NEW YORK, June 27, 2013 -- Today, the Financial Accounting Standards Board issued its exposure draft on accounting for insurance contracts. This comes on the heels of the International Accounting Standards Board issuing its report on the same issue.
“The FASB proposal would represent a transformational change in the way that insurance contracts are measured and reported in financial statements,” said Donald Doran, national professional services financial instruments co-leader, PwC. “We expect the industry to have mixed views on the proposal. The FASB has attempted to address the concerns raised on the prior discussion paper. Under the proposed guidance, there would be changes to the earnings pa ttern of underwriting and net investment margins and changes in the pattern and amount of revenue. In addition, there would likely be increased income statement volatility due to the requirement to update assumptions each period. Income statement volatility would be somewhat mitigated by the requirement that the impact of changes in discount rate assumptions be recorded in other comprehensive income.
In addition, The IASB re-issued their exposure draft on insurance contracts last week with the same comment period. Based on the number and nature of differences between the views expressed by the FASB and IASB during their deliberations, and the immediate need for an international standard, the boards may not achieve a converged standard.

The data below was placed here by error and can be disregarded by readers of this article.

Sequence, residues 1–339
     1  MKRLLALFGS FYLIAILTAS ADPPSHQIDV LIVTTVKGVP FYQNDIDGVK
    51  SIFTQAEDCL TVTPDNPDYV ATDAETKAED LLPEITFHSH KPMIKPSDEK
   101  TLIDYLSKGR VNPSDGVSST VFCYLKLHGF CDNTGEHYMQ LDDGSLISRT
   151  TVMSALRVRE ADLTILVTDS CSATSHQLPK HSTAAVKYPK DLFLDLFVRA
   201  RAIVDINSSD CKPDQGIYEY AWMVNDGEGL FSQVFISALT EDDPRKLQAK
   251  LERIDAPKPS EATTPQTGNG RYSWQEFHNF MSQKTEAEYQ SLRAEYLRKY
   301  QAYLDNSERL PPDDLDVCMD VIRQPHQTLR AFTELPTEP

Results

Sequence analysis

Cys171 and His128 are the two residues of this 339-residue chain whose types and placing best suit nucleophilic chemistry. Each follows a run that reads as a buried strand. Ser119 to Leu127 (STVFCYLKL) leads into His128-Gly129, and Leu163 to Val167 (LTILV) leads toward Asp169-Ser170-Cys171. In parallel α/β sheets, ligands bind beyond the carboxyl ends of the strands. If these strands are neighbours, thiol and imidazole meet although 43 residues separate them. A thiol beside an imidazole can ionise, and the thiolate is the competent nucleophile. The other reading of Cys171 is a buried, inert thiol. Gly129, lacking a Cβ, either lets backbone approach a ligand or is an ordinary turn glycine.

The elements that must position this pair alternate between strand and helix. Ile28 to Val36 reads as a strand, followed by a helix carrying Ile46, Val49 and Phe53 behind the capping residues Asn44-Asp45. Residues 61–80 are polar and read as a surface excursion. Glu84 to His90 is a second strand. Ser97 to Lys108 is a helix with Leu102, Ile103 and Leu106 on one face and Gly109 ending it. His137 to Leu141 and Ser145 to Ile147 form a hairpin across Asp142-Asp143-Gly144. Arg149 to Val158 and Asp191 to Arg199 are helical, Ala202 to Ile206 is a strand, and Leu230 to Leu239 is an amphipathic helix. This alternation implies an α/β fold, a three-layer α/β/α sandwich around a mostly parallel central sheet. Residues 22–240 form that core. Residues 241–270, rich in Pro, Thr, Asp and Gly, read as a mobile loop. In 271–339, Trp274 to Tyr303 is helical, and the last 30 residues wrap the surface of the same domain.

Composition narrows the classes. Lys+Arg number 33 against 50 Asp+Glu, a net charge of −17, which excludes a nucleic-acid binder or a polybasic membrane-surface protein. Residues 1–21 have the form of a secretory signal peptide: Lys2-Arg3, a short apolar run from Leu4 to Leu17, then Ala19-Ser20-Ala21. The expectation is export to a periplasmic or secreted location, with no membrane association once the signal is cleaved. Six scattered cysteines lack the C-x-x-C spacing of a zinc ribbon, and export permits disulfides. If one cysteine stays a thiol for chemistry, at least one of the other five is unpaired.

Given the potential implications of the changes being considered, entities should be engaged in assessing the impact to their products, systems, and investor reporting in order to respond to the proposals.”
“Today’s FASB proposal would have a significant impact on insurance companies. If the board ultimately adopts the proposal, it would fundamentally change the accounting by all entities that issue insurance contracts, including banks,” added Bob Sands, U.S. insurance leader, PwC. “Combined with regulatory changes such as the Own Risk Solvency Assessment and principle based reserving, adopting the FASB proposal would be a significant challenge for the industry. As a consequence, insurers potentially would need to overhaul their systems and performance reporting.
It will be critical for insurers to work closely with stakeholders to make sure that they understand the impact of the significant changes being proposed. Due to delays in the project, it has fallen off many insurers radar; however the remainder of 2013 could be the last opportunity for the industry to influence the debate before the FASB proceeds to a final standard in late 2014 or early 2015. Insurers need to act now to assess the implications of the new proposals on both their contracts and business practices and to assess the additional demands of the proposals on resources, data and modelling systems.”
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